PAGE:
A chief executive officer's (CEO's) life is a busy one, involving many requirements, including management skills, a keen eye for recruitment, quick decision-making abilities and the capacity to deal with staff problems.

Therefore, anything that's designed to make a CEO's life easier is bound to be welcome news and we at VC4 believe we have just the thing that could help to ease stress levels for bosses, while also ensuring a company continues to perform to a high standard – the Inventory & Management System (IMS).

What is IMS?

IMS is a specialist solution designed to help a business to manage its telecommunications networks and platforms in one central, easy-to-access location. 

There are countless features and benefits to installing IMS within a business, with its primary aim being to make life simpler for both management and members of staff lower down the rankings.

To highlight just a few of its features, IMS can register and manage several telecommunications networks at one time, while consolidating significant amounts of information within them.

Holding the position of CEO involves numerous management tasks, but IMS can take many of these away from a boss and their current software, providing them with a much more adequate solution.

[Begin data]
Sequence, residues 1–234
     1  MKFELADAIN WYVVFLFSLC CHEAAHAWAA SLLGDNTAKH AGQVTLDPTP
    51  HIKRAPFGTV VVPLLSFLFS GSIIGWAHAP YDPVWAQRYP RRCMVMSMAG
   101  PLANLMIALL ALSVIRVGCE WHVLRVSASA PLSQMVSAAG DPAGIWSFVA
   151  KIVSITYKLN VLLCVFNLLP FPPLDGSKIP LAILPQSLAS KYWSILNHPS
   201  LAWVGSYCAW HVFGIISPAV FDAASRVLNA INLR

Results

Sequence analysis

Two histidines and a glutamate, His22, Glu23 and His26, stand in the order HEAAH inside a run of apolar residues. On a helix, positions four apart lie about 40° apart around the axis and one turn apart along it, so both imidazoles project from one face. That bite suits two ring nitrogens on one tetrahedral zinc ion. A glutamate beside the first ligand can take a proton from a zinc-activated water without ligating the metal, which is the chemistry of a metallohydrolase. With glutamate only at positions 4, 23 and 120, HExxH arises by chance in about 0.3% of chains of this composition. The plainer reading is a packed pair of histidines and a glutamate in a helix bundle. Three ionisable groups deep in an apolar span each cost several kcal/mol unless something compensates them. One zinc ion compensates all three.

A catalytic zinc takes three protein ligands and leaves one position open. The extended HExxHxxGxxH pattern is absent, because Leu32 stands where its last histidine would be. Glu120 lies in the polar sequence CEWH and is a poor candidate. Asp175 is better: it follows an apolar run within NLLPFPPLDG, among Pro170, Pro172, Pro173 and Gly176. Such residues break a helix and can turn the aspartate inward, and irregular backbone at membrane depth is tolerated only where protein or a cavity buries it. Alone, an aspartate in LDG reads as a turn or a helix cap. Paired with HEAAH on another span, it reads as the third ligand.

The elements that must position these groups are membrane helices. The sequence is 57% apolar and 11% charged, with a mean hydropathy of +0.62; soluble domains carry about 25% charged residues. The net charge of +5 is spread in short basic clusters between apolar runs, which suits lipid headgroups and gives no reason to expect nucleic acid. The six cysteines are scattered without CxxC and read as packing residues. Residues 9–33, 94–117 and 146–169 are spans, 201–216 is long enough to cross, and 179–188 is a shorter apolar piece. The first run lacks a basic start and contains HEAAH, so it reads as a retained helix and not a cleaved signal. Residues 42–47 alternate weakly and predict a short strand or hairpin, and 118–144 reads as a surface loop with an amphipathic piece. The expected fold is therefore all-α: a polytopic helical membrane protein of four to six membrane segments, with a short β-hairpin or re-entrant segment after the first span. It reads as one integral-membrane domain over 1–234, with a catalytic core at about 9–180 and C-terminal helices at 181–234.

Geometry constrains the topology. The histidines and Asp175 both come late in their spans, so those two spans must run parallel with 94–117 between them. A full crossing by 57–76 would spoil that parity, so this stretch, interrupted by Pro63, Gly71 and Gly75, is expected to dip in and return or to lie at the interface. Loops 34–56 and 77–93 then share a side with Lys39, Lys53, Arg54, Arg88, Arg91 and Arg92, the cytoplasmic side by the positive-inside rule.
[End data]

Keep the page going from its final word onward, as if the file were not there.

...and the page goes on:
For instance, IMS can manage the IP networks and keep track of orders and details relating to output productivity and workflow.

Updates can be automatically processed through the system, taking away admin tasks for network engineers and stopping the need to wait for slow, outdated programs to upload new information.

IMS has the ability to keep track of all operations across a business, including sales and even the goings-on in the warehouse, meaning CEOs don't need to worry about trying to achieve the impossible task of placing themselves in more than one place at a time.

As well as floor and department management, IMS can look after data relating to staff and their contracts and terms of employment too, providing CEOs with peace of mind that all this information is being stored in a safe and secure manner.

If bosses struggle to keep track of contractors carrying out tasks, IMS can look after information regarding these too, meaning they'll easily be able to track performance based on KPI reporting.